The NACAs interest in icing dated to the early 1920s, when America’s aviation community first looked to the Agency for help. By the early 1930s, both in America and abroad, researchers were examining the process of ice formation on aircraft and means of furnishing some sort of surface coatings that would prevent its adherence, particularly to wings, acquiring data both in actual flight test and by wind tunnel studies. Ice on wings changed their shape, drastically altering their lift-to-drag ratios and the pressure distribution over the wing. An airplane that was perfectly controllable with a clean wing might prove very different indeed with just a simple change to the profile of its airfoil. Various mechanical and chemical solutions were tried. The most popular mechanical approach involved fitting the leading edges of wings, horizontal tails, and, in some cases, vertical fins with pneumatically operated rubber "de-icing” boots that could flex and crack a thin coating of ice. As Gann and Buck noted, they worked at best sporadically. Other approaches involved squirting de-icing fluid over leading edges, particularly over propeller blades, and using hot-air hoses to de-ice cockpit windshields.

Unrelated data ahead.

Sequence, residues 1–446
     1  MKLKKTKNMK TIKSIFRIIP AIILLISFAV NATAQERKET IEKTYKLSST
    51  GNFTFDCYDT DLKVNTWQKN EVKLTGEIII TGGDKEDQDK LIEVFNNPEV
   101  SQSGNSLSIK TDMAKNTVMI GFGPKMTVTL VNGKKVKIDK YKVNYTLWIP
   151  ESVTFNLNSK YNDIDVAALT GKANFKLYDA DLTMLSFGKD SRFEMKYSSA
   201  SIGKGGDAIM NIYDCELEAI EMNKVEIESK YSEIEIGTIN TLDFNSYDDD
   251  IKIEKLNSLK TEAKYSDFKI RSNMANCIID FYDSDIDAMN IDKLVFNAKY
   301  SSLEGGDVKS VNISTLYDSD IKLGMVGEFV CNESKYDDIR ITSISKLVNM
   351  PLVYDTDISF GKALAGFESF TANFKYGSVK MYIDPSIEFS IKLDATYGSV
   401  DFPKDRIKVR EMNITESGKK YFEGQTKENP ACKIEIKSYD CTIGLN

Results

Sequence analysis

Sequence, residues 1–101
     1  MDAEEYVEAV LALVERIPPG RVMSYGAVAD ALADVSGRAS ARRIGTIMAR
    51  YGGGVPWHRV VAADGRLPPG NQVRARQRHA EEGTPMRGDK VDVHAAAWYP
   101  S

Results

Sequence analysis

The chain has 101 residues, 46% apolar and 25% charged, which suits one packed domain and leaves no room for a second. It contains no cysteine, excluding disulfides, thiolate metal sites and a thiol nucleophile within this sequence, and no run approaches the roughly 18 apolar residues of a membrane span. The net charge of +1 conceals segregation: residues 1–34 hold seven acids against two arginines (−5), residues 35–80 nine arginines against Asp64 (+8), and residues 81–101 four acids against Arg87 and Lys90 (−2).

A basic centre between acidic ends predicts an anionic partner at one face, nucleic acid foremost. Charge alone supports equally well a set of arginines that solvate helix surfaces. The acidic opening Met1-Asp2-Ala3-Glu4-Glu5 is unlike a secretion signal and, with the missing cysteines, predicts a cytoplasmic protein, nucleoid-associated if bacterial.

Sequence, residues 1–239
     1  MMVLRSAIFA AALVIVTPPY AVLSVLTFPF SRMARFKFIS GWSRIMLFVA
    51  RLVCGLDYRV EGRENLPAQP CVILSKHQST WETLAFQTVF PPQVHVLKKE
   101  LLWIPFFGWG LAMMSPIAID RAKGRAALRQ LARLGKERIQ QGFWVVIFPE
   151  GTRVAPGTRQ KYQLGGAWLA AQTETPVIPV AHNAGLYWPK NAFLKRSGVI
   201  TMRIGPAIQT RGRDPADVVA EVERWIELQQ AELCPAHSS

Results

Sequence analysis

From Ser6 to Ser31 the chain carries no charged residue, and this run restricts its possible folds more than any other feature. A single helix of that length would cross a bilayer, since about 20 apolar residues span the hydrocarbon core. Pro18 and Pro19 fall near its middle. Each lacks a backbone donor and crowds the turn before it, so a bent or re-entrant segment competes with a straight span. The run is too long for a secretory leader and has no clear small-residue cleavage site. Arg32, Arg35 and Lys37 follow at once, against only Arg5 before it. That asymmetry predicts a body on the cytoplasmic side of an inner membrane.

Lewis A. "Lew” Rodert—the best known of ice researchers—was a driven and hard-charging NACA engineer who ardently pursued using heat as a means of preventing icing of wings, propellers, carburetors, and windshields. Under Rodert’s direction, researchers extensively instrumented a Lockheed Model 12 light twin-engine transport for icing research and, later, a larger and more capable Curtiss C-46 transport. Rodert and test pilot Larry Clausing, both Minnesotans, moved the NACAs ice research program from Ames Aeronautical Laboratory (today the NASA Ames Research Center) to a test site outside Minneapolis. There, researchers took advantage of the often-formidable weather conditions to assemble a large database on icing and icing conditions, and
on the behavior of various modifications to their test aircraft. These tests complemented more prosaic investigations looking at specific icing problems, particularly that of carburetor icing.